NEIGHBOURS at a showpiece homes development have launched a fight against "Stalinesque" parking restrictions agreed in secret.

A mystery tenants' committee some residents didn't existed has apparently agreed to the scheme at prestigious Kennet Island in south Reading which means each home will get just one parking permit and one 48-hour visitor pass - with a £130 clamping release fee for parking anywhere else.

Almost 200 objections have been made through an online petition launched by primary school teacher Lydia Alexander calling on the community to unite against the parking curbs which come into force on January 19.

She said people feel let down by both developers St James Homes and property management company Hallmark, which has hired Slough-based Parking Control Management (UK) Ltd to run the clamping scheme.

The company's signs - bearing the parking regulations and a warning that it will cost £330 to recover towed-away vehicles - have already been installed around Kennet Island where two-bedroom homes costs £200,000 and three-bedrooms sell for £270,000.

Ms Alexander said: "My partner and I both have a car and just before we bought the house, our first house, we asked St James about the parking and they said there was no problem, there would be plenty of spaces.

"We wouldn't have bought the place if we had known we couldn't park one of our cars here.

"It is absolutely crazy. They encouraged shared ownership and many of the homes have people who need more than one car.

"There weren't any problems before this. People parked at the roadside without causing obstructions and parking simply wasn't an issue. We got a letter and a parking permit out of the blue just before Christmas saying vehicles would be clamped after January 19."

But while leafleting homes to seek support for the online petition she made a stunning discovery.

She said: "Apparently there was a meeting between Hallmark and what they call tenants' representatives. But nobody knows who these people are and they've certainly not spoken to anyone I've talked to.

"If there was a meeting shouldn't we have been invited? We knew nothing about this."

She added: "We have been here for just over a year and it's a lovely place to live, but we're now considering moving because of the parking. My partner and I both need a car for work and we won't be able to afford clamping release fees just for parking our car near our home, and worrying about cars belonging to friends and family if they visit."

Ms Alexander's father Rik, who has a financial stake in her home, said: "The lack of parking bays and 48 hour visitor parking restriction is Stalinesque. I cannot think who would want to live under such oppressive conditions. There is plenty of space to lay some extra tarmac."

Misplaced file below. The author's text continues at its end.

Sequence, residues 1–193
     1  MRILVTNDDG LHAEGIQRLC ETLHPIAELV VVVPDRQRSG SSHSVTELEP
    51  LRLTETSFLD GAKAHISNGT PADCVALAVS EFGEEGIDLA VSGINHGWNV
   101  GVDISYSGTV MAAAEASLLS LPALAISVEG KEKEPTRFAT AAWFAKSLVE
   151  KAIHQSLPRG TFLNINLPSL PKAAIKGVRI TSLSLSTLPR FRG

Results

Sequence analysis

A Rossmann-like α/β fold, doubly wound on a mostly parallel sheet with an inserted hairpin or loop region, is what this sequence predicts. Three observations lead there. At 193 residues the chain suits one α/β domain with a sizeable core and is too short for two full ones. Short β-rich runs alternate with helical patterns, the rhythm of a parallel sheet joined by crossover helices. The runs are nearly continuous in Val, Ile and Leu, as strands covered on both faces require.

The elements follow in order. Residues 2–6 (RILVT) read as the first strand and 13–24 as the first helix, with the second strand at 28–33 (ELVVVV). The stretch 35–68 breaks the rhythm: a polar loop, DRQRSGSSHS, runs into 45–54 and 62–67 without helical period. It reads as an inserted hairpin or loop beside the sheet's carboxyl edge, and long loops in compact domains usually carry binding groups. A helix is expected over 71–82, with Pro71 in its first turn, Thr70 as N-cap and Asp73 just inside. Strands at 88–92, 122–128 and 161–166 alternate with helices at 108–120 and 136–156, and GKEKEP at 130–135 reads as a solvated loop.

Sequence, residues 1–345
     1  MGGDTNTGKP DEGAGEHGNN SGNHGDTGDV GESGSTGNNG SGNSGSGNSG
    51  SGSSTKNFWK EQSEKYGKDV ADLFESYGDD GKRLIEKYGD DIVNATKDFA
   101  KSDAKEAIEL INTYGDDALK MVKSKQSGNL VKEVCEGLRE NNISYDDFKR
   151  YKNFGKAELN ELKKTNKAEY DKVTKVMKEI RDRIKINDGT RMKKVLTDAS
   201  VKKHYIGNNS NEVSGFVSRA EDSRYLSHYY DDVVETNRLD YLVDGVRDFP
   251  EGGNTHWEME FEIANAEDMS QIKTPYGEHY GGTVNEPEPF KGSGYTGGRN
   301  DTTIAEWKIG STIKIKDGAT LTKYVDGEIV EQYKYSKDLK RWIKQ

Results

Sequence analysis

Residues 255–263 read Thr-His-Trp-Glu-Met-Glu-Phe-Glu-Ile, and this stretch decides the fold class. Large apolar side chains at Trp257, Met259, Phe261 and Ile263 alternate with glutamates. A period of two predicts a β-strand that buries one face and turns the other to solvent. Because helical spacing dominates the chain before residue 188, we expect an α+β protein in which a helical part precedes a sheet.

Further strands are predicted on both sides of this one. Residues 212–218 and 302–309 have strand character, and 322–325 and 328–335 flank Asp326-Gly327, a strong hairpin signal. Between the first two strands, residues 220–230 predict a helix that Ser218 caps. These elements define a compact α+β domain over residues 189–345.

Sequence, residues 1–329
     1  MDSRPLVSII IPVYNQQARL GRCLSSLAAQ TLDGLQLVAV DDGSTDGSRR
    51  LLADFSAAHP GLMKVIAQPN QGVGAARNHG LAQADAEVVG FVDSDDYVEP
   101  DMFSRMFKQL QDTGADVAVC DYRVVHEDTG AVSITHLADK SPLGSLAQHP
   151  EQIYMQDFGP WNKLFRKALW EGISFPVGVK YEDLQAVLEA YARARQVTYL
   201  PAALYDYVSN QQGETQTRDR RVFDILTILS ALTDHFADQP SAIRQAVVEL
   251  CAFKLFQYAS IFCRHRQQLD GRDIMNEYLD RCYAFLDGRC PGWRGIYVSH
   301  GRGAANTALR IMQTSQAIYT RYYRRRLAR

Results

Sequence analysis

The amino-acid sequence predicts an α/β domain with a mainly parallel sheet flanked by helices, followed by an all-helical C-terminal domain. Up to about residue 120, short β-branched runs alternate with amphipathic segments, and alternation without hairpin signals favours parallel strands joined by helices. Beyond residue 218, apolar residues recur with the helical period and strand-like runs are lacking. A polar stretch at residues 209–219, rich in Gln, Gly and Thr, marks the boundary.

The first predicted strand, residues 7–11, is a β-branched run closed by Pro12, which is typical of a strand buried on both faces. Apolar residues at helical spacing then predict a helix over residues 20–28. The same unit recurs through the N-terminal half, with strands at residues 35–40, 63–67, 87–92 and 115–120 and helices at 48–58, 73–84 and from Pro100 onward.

St James' spokeswoman Deana Everingham said: "In line with all St James Homes developments, Kennet Island reflects the government directives relating to the provision of parking in new residential schemes, whilst encouraging people to reduce their reliance on motor vehicles and more actively use public transport."

She said that is why the company has set up a car club and arranged for an extended bus route, with 56 visitor and temporary spaces.

Ms Everingham added: "From initial enquiry and throughout the sales process it is made clear to every purchaser what car parking is available for each plot in regard to both residents and visitors. The parking provided for each property is clearly set out in the legal paperwork issued to the customer and their solicitor."

Comments on the online petition from residents include.

Suki Hair: "These restrictions will force residents to sell up. I was told there would be ample parking spaces as well as one allocated space before I bought the property. This is unfair, my partner and I are both professional working people we need two cars to commute. We are very disappointed and let down."

Yavor Dimitrov: "If they want cars parked off the road, they should provide more parking spaces not introduce a parking company. Most households in the 21st century have two cars not one."

Zoe Smith: "We live in a flat and everyone in our building has two cars which are essential for work that requires us to travel around the country to be able to afford the property! Which is probably true for everyone living here.

"Parking on the road does not cause a problem as I have witnessed dust carts and delivery lorries go past parked cars with ease.

"What happens if we want more than one guest?"

Alison Long: "There are two of us living in a flat, both of which require a car for work, moving into the flat in good faith unaware of the problems which are now arising. We are very concerned as to what this will mean for us living on Kennet Island."

Linda Vickery: "I was informed that when purchasing there would be plenty of spaces for visitors, now being told there isn't. It's ridiculous that there is nowhere for them to park, it's not even like there is anywhere nearby they can park and walk round the corner. It's a complete disgrace and I am thinking of moving because of it."

Ben Raper: "For a development that encourages a 'share to buy with friends approach' they appear to be only targeting friends that share one car and have one friend between them. This is not a viable solution to any problem that they claim exists."

Brian Birtles: "I presently rent in Kennet Island and will not consider buying there because of the parking issue. I will move elsewhere if my car, or a visitor's, is clamped."